Crumble the feta cheese in the spinach mixture and add the eggs. Taste and adjust for seasoning.

Brush your baking tray with olive oil and place one sheet of the filo. Brush with olive oil again. Cross over a second sheet of filo, ensuring that the entire surface of your tray is covered. Brush with olive oil. Continue crossing over with olive oil and filo, using four sheets in total.

Place the cool filling in your tray, careful not to break the filo.

Cover with one sheet of filo and brush it with olive oil. Repeat until the top is covered with four sheets of filo. Tuck in the edges. Brush the top with the remaining olive oil.

Score the pie and bake at 180C at the lower rack of your oven for about one hour.


If there’s one thing that’s associated with Greek cuisine (but also Turkish and quite a few others for that matter), that is definitely filo. Filo is a thin dough made with no yeast or other leavening agent. It is used for a variety of dishes, like baklava or pies.

It takes quite a bit of skill to roll out filo swiftly, and if you ever find yourselves in a Greek village, you will see older women, using a very thin rolling pin, creating paper-thin layers of filo in a few seconds. We do not have that skill (yet!), but join us as we -slowly- roll out filo.

This recipe was given to me by my godmother, Alexandra, who got it from her friend, also called Alexandra. It is surprisingly easy to make, so if you have never made filo before fear not!

Makes 8 sheets for a 30cm pan

350g all-purpose flour (you can also use half wholegrain and half all-purpose flour)
salt
70ml olive oil
45ml red wine vinegar
120ml (1/2 cup) water

In a large bowl add the flour and season generously with salt. Whisk together the flour and salt. Add your olive oil and vinegar and start mixing everything together using your hands. Add the water and work the dough in the bowl, until all ingredients are combined, and the dough is no longer sticking at the sides of the bowl.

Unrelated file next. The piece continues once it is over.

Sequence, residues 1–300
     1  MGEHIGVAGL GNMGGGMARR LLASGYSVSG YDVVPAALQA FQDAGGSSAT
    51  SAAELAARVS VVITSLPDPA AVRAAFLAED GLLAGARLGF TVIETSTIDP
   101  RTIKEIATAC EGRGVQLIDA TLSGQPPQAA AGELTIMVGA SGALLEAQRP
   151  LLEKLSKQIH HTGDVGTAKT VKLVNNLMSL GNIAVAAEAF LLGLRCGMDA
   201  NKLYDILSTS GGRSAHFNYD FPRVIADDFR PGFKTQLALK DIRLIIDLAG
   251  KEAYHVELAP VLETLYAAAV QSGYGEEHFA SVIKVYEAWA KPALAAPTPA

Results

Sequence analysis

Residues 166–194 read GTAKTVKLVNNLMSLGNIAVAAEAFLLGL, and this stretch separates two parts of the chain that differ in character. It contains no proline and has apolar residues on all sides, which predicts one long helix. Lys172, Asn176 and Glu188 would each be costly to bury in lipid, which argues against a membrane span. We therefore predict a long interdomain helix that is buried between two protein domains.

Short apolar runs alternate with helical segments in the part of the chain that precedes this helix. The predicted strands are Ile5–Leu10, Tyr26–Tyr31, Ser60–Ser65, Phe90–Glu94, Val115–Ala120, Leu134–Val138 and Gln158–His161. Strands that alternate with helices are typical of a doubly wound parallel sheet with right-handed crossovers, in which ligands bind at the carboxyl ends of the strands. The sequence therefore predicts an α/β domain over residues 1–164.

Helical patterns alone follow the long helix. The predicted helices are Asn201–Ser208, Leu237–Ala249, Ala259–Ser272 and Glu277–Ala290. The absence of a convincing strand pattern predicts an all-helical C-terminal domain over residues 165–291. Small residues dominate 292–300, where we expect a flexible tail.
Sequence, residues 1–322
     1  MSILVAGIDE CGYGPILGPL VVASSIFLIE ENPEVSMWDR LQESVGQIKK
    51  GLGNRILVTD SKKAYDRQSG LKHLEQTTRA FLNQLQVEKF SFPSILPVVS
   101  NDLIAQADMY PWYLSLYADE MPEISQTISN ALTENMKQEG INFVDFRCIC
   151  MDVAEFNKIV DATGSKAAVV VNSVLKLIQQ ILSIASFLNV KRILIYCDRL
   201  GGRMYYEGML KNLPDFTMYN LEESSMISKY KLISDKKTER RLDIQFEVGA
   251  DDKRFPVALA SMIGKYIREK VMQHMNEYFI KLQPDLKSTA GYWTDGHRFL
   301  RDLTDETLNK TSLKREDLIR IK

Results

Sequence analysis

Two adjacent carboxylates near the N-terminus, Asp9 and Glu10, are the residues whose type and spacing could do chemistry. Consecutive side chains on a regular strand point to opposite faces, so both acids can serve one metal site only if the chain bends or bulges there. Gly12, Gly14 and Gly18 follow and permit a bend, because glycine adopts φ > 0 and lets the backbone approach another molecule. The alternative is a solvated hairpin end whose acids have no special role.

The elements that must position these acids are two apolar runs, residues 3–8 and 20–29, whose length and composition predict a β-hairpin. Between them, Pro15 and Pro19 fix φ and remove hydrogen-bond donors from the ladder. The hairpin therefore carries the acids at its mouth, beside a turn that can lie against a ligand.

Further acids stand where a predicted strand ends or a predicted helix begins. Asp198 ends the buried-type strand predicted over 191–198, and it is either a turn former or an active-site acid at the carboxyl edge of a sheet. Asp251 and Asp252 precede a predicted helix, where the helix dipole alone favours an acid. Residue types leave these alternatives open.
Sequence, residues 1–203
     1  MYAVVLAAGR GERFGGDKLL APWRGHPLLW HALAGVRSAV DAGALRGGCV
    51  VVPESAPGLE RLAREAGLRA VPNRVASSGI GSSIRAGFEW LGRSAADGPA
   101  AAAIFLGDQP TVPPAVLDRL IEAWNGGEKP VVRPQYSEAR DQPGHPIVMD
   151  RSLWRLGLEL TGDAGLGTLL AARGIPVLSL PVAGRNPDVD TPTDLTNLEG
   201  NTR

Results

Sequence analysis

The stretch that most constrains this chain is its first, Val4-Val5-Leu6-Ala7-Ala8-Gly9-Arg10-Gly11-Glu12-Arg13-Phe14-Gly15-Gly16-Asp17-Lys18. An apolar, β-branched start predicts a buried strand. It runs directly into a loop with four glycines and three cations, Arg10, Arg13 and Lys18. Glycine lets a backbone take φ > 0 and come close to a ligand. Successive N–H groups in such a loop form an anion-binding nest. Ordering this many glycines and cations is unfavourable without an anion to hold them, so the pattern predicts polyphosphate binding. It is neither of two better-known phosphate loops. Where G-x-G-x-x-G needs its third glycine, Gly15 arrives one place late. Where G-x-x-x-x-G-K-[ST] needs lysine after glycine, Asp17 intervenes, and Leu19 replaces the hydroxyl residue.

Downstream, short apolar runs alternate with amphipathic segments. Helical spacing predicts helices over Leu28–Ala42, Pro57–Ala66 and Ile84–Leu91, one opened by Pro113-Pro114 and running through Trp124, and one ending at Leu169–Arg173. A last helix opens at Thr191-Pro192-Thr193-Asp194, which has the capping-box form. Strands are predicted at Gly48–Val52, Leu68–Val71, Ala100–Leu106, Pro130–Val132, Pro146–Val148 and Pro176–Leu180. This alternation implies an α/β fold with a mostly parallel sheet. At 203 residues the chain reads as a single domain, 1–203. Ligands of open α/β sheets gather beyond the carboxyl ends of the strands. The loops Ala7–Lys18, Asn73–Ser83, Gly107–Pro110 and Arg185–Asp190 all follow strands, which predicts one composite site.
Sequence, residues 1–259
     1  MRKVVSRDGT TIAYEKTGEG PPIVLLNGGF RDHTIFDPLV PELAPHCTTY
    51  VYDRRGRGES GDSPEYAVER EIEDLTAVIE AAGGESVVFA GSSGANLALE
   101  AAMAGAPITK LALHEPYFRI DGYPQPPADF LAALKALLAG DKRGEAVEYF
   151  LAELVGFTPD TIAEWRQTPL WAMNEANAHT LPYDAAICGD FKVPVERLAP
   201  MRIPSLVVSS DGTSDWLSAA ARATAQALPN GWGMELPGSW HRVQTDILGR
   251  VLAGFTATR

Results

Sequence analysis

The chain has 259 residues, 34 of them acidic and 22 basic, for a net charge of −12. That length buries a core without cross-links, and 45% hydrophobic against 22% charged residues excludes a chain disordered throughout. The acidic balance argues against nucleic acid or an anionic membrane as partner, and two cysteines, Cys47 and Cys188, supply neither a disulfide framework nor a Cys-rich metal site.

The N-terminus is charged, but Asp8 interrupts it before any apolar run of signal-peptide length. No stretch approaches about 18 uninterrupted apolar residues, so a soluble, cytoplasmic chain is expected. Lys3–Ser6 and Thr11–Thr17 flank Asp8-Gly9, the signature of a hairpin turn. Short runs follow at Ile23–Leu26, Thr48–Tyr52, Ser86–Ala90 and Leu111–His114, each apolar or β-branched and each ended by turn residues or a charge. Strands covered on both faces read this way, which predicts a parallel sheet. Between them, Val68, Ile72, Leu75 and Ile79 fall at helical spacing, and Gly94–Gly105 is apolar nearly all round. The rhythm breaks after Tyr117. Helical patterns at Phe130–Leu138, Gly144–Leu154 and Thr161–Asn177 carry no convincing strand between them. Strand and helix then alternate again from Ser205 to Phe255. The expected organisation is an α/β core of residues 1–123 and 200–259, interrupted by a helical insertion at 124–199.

Place the dough in a clean, floured surface. Work the dough for another 5 minutes until smooth. Return it to the bowl, cover in clingfilm and place it in the fridge for one hour.

Separate the dough into eight balls. You can use a scale to ensure each ball is the same size as the others, but really, you don’t have to.

Roll out each dough ball, so that you have a very thin, round sheet of filo, adding a bit more flour if needed. If when you start rolling our your dough it springs back, then it needs to rest a bit more. Leave it outside the fridge for another 10 minutes and try again.

You can roll out the filo by rotating the dough clockwise, and rolling it away from you. Alternatively you can rotate your rolling pin clockwise, moving from the centre of the dough outwards, keeping the dough in front of you.

Place the filo sheets on top of each other with clean kitchen towels in between. By the time you have rolled out the last one, they will have dried up a bit, which is what you want, so that they can absorb the beautiful olive oil that you will brush them with.